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September 10, 2004     Heritage Florida Jewish News
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September 10, 2004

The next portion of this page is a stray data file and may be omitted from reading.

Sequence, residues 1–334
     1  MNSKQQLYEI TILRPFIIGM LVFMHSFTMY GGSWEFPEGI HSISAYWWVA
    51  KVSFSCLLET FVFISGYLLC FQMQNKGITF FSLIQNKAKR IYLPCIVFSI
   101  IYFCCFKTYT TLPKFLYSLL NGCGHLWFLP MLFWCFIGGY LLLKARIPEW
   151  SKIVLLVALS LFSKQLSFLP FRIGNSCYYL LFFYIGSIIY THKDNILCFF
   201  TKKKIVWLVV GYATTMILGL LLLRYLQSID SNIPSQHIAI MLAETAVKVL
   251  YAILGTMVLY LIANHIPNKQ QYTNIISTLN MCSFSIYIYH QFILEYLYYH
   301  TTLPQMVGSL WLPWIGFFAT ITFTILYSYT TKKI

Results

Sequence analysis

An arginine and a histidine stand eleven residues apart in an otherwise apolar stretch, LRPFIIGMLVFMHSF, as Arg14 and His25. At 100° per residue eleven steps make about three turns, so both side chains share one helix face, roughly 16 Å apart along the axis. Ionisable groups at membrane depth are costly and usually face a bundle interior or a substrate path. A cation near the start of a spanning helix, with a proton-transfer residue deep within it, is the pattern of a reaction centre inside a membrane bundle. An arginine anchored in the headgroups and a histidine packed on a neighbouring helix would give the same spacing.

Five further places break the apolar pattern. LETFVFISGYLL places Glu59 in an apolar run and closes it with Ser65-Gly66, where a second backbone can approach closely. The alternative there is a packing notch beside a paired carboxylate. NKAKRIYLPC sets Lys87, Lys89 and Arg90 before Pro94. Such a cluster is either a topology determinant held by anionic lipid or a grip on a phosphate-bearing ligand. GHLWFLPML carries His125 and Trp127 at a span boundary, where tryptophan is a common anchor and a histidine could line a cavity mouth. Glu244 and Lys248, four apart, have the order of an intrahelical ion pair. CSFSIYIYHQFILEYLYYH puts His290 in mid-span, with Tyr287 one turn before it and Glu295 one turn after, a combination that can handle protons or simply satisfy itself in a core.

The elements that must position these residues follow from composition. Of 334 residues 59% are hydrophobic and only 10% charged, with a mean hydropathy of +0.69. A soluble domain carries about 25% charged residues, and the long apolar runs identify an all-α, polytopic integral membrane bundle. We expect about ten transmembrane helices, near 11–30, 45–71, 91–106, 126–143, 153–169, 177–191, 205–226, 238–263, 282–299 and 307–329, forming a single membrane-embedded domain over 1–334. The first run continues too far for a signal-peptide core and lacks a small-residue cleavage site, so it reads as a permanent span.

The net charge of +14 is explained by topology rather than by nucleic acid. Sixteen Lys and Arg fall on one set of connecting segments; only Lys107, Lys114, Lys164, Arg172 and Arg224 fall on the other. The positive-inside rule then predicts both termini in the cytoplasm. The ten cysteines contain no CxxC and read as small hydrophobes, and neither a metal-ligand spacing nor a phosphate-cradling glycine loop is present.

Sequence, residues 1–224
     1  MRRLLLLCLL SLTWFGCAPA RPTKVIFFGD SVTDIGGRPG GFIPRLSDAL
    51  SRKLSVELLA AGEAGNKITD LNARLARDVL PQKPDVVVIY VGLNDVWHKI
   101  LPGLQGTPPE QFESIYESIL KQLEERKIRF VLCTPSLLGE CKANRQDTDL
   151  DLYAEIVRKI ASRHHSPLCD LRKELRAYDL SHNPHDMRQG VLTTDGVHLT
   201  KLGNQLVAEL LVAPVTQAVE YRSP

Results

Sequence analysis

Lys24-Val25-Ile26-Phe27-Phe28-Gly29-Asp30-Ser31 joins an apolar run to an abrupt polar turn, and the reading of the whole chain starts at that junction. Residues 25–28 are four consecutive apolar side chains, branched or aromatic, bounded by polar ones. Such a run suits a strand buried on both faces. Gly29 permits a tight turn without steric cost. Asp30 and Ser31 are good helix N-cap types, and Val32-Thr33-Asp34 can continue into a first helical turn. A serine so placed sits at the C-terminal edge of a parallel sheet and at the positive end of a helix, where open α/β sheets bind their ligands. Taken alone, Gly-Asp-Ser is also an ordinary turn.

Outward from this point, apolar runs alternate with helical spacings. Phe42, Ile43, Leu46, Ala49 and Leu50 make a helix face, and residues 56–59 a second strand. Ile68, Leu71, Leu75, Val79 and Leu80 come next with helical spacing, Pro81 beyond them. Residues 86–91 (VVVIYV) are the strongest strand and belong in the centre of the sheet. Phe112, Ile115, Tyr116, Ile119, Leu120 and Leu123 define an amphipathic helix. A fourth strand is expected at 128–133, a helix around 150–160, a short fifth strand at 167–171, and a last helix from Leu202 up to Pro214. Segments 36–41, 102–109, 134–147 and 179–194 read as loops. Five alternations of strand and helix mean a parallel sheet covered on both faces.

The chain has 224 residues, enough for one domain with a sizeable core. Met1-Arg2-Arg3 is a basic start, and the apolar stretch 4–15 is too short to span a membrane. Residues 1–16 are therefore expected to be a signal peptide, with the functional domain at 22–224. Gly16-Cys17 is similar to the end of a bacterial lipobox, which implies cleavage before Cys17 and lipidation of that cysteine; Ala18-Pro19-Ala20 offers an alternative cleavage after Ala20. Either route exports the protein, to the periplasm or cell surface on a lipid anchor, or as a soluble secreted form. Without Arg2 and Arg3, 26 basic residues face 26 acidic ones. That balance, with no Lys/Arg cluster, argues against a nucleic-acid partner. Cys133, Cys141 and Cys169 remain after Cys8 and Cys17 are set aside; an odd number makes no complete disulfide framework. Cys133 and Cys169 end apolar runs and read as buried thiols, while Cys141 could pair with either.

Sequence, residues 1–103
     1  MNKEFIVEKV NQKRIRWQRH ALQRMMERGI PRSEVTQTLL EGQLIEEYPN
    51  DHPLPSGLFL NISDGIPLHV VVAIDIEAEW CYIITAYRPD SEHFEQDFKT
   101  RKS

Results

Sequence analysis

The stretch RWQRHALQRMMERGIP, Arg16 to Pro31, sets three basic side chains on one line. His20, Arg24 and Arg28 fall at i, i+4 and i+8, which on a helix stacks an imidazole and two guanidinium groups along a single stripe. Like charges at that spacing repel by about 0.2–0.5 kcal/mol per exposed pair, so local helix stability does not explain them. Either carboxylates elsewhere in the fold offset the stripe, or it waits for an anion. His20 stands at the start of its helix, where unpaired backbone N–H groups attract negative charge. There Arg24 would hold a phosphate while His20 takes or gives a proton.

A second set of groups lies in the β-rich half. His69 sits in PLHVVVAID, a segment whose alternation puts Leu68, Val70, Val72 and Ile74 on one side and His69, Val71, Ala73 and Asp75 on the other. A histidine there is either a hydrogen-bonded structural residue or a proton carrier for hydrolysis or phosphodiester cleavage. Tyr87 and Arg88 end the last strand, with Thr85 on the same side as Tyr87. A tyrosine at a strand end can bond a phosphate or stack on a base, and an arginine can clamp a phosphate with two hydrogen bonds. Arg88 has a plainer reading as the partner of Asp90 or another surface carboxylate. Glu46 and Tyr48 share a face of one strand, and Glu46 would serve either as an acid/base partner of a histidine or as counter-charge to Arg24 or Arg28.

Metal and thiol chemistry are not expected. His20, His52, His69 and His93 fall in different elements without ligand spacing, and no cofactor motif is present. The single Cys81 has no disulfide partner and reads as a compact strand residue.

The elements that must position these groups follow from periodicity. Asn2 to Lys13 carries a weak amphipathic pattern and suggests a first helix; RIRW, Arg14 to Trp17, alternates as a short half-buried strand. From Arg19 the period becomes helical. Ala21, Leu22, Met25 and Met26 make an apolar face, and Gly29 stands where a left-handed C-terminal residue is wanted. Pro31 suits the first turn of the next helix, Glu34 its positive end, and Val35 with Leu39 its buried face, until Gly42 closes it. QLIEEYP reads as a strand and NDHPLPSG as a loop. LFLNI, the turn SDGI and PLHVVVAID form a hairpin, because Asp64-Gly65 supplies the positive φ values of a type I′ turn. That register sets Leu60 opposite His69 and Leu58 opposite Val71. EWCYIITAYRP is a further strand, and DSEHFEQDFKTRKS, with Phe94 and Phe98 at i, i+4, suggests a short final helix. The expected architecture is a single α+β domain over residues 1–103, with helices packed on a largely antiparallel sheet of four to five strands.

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NEWS, SEPTEMBER 10, 2004 PAGE 7 iversary of the Second Avenue Deli, the Heritage gathered an eclectic group from to expound on the virtues of this gastronomical Village. said that working there as general manager like Damon Runyon: "Everybody has an Abie ' Times "Style" section scribe, said founder of this venerable pastrami palace, her door 11 ago to make a delivery. Her and Abe insisted on delivering thinking this is the closest we're ever going Her husband, Frank Rich, the Times' said he grew up in Washington, D.C "the town in America." is the last practitioner of the art- the best from a man who never had salami and 40. who operates trendy eateries in Soho and Abe's futile trip to Moscow to establish lis kosher deli. ah appointment with Boris Yeltsin. He waited. the secretary opened the door to see if ready. Abe looked in and saw vodka bottles all the prime minister of Russia asleep Gold was full of questions, like it was Pass- Wearing a toupee, do you still need a yarmul- a question for Diane Kassner, who's been a deli wait- Years: "How is the stuffed breast of veal served?" replied. Sharon, who operates the restaurant with recalled a gasoline shortage in the restaurants couldn't afford to make deliveries, but his food by horse and buggy." former owner of the Village Gate, described dervish in the kitchen. I, though. He trusted people because he should have had a guard in his van." ago, Abe was shot and killed in his van on the The murderous robbers were never found. lteaven still finds difficulty trying to sleep. Nightmares al'e cStatus the bill oriented. And so I did. I went home and conceptualized hing, my closest goals that I planned to share I were talking with employers during up- wish lists, coming interviews. to a sheet "What are your short-term hoped a genie in goals?, I imagined a future grant us, but employer would ask. of detailed "To gain a position at your traits and prefer- place of employment where I We'd like to find cangrowandmoveupwithin your company," I'd reply with lost in the a forced smile. and don't really The future employer, pre- they want from dictably, would ask, "And, checklist is what are your long- term narrow down thegoals?" mate" hunt--like "Once I moved up the career ladder, and took over your po- Career. sition (pause for laughter or took me sneer), I'd like to be married senior year of by 25 and have 2.5 kids by the a career coun- time I'm 27," I'd sincerely re- me to list my ply, embracing my newfound and long-term standards. At 24, even these She felt goals were too lofty to be me, in my believable. state, reasonably Well I'm here to tell I wanted to be you that even though I up- aside from wrote down my personal and White on career goals--they never of Fortune." Hey, materialized. Why? Because elargecubesofthe goals-- like a list--can get wear gorgeous unrealistic and cause undo ~asthenext pressure! Some of us get lucky she's bound to and may find exactly what we day. are looking for career-wise or ~nselor instructed inarelationship, butyoucan't these ambitionscontrol every factor of life's as well as career- equations. consume her with images of youthful bodies shorn of their limbs, of fellow students screaming in pain as blood gushed from openings in their stomachs. It all started, Eliad told me, when she was sitting in the Frank Sinatra Cafeteria of the Hebrew University's Mount Scopus campus on July 31, 2002. She was having lunch with a close friend, David Diego Lad- owski, who was about to leave for his first diplomatic posting at the Israeli Embassy in Peru. That's when a bomb went off, killing nine, including David, and injuring 86, among them Eliad. "I was wounded in the back of my head and neck," Eliad said. "My right eardrum was perforated. I still have traces of metal in my legs." It was not a suicide attack. The mass killer ignited the bomb and fled to save his own life. "Amazingly," Eliad said, "he returned the next day to help in the clean-up of the cafeteria he destroyed. When the police identified him, they found he was an Israeli Arab citizen who was employed as a carpenter on the campus. He belonged to a terrorist cell made up of Israeli Arabs." Eliad, who is 29, is engaged to a computer engineer and works as a research coordinator at the art museum of Yad Vashem in Jerusalem. She related her story at a reception in Manhattan for the Israel Project, a non-profit organization founded by Jennifer Laszlo Mizrahi to educate the public about Israel. Arye Mekel, Israel's former UN deputy ambassador and newly named consul general in New York, vowed that Israel will not slack in its fight against terrorism, "Despite the UN," he said, "Israel will continue to build its protective fence." Mekel introduced the victims of terror, among them Lea and Yossi Zur of Haifa. Their son Assafwas on a bus returning from the ORT Chana Senesh School on March 5, 2003, when a suicide bomber struck, killing 16 people. "Asaf was 17 years old and loved to surf," the father said. "His monument is shaped like a surf board." Tried and true trouper Anna Moffo Sarnoff was at the Waldorf recently to present an award to Luciano Pavarotti. Anna fell on stage, got up, made her speech and left to see the doctor. Two weeks later the brave gal was back at the hotel. She wouldn't miss the annual luncheon of the Albert Einstein Col- lege of Medicine's national women's division. After all, she was presenting an award to Rita Rosen that was named in memory of her mother-in-law, Lizette Sarnoff (whose husband David was president of NBC). With such dedicated supporters, no wonder the women's division has raised some $100 million. Rita Rosen said she'd always wanted to be an actress - and win an Oscar. But as fate would have it, in 1946 she fell in love with a returning naval officer, raised three wonderful children, and over the years used her drama training in her volunteer work for the women's division, o, As she accepted her volunteer award from Sarnoff, Rosen exclaimed, "I think I just got me Academy Award!" See "Boxer" on page 18 call stgoJvs I have found that the only "lists" that work for me are my "to-do" lists. Using a"wish list" as a loose guide for dating prospectives is not a bad idea. The only problem that can arise from such a checklist is the ten- dency to get carried away. It can place too many restric- tions in your dating pool and cause you to search for what's never to be found. Have you recently looked at personal ads people post on singles' web sites? Some of the requirements people desire in a mate are downright fanciful. I've come across interesting potentials that I never con- tacted because I didn't fit their exact bill. I either didn't fall within their age range, had the wrong hair color, or didn't maintain a year-round golden tan. An example of one of these ads reads: "Hi, how r u? My name is Bill and I'm looking for someone athletic, petite, and who shares my interests, hobbies, etc." But if these people are seeking perfection, then I recommend they get a lifetime membership and find a good photographer who can update their picture annually. Do you know anyone who can fit into these molds? I find the Jewish population restric- tive enough; why further limit your options? Instead of listing the abso- lute attributes you desire in a potential mate, perhaps try listing some imperfections that y9u could live with- - without thinking you can change them. If your list of standards is too high, you might miss the perfect person who's just an arm's length away just be- cause they didn't meet your exact specifications. So for those of you who are secretly toting around a wish list in your head or in your pocket, find it, take it out and re-evaluate it. Consider this Can you live up to your ideal's ideal? Have any topics you'd like covered? Any stories you want to share? E-mail them to Single Status, at, or mail to EO. Box 163037, Altamonte Springs, FL 32716- 3037. We don't print the letters in their entirety, but we do share your experiences, us- ing an alias. Central Florida Synagogue Service Schedule and Directory Celebration Jewish Congregation (R), Services and Holiday scedules shown at; 407-506-9792. Congregation Ahavas Yisrael/Chabad (O), 708 Lake Howell Rd Maitland, 407-644-2500; Services: Sunday, 8 a.m Mon-Fri, 7 a.m Fri 6:30 p.m Sat. 9: 30 am. Family Service 4th Friday of the month. Congregation Bet Chaim (R), 1033 Semoran Blvd Suite 151, Casselberry, 407-830-7211; Shabbat service, 8 p.m. Congregation Beth Am (C), 3899 Sand Lake Road, Longwood, 407-862-3505; Shabbat service, 8:15 p.m.; Saturday: 10 a.m. Congregation Beth El (C), 2185 Meadowlane Ave West Melbourne, 321-779- 0740; Services, 8 p.m. 1st & 3rd Fridays; 9:30 a.m. 2nd & 4th Saturdays. Congregation Beth Emeth (R), 2205 Blue Sapphire Circle, Orlando, 407-855- 0772; Services once a month, 8 p.m. Congregation Beth Shalom (C), 315 North 13th St Leesburg, 352-315-0770 Congregation B nal Torah (C), 445 S. Nova Rd ormond Beach, 32174, 386-672-1174; Services Friday, 8 p.m.; Saturday, 10 a.m. Congregation Chabad (O), 1301 S. Patrick Dr. #62, Satellite Beach, 321-777- 2770. Congregation Chabad Lubavitch of Greater Daytona (O), 1079 W. Granada Blvd Ormond Beach, 386-672-9300; Shabbat services Fri. 7:30 p.m Sat. 10 a.m. Congregation of Liberal Judaism (R), 928 Malone Dr Orlando, 407-645- 0444; Shabbat service, 8 p.m.; except 1st Friday, Family services begin 7 p.m. Saturday: 10 a.m. Congregation Match Chaim (R), P.O. Box 060847, Palm Bay, 32906, 321- 768-6722. Congregation Obey Shalom (C), 5015 Goddard Ave Orlando, 407-298-4650; Shabbat service, 8:15 p.m.; Saturday: 9 a.m.; Junior Cong 10:15 a.m. Congregation Shalom Aleichem (R), 3501 Oak Pointe Blvd Kissimmee, 407- 935-0064; Shabbat service, 8 p.m 1st and 3rd Fridays of the month. Congregation Shalom, Williamsburg (R), P.O. Box 691081, Orlando, 32869: Friday night services once a month at 7:30 p.m. at the Rosen Centre, 9840 International Drive, Orlando. 407-238-7943. Congregation Sinai (C), Jenkins Auditorium, West Montrose St Clermont: Services on last Friday of the month at 8 p.m. 352-243-5353. New Jewish Congregation (R), Oxford United Methodist Church, Rt. 466 just west of Rt. 301, The Villages, 3527751-3109; Shabbat Services fourth Friday of the Month: 7:30 p.m. Southwest Orlando Jewish Congregation/Ohalei Rivka (C), 11200 S. Apopka-Vineland Rd Orlando, 407-239-5444; Shabbat service, 7:30 p.m.; Saturday: 9:30 a.m. Temple Beth El (R), 579 N. Nova Rd Ormond Beach, 386-677-2484. Temple Beth Shalom (R), P.O. Box 031233, Winter Haven, 813-324-2882. Temple Beth Shalom (C), 40 Wellington Drive, Palm Coast, 386445-3006; Shabbat service, 8 p.m.; Saturday 9 a.m. Temple Beth Shoiom (C), 5995 N. Wickham Rd. Melbourne, 321-254-6333. Temple B uai Darom (R), 49 Banyan Course, Ocala, 352-624-0380; Friday Services 8 p.m. Temple Israel (C), 555 Markham Woods Rd Longwood,407-647-3055;Shabbat service; 6:15 p.m.; Saturday: 9:30 a.m. Temple Israel (R), 7350 Lake Andrew Drive, Melbourne, 321-631~9494. Temple Israel (C), 1400 S. Peninsula Ave Daytona Beach, 904-252-3097; Shabbat service, 8 p.m.; Saturday: 9 a.m. Temple Israel (C), 1001 E. New York Ave De[ and, 386-736-i646; ShalYoat service, 7:30 p.m. Temple Shalom of Ddtona (R/C), 1785 Elkcam Blvd Deltona, 904-789-2202; Shabbat service, 10 a.m. Saturday. Temple Shir Shalom of Oviede (R); Shabbat service, 7:30 p.m. Ist and 3rd Fridays of the month at Carrillon Elementary School, 3200 Lockwood' Blvd Oviedo. Call 407-366-3556 for information. (Check with individual synagogues for the dates and times of services if not listed) (R) Reform (C) Conservative (O) Orthodox (Re ) Reconstmetionist FRANCIS L. 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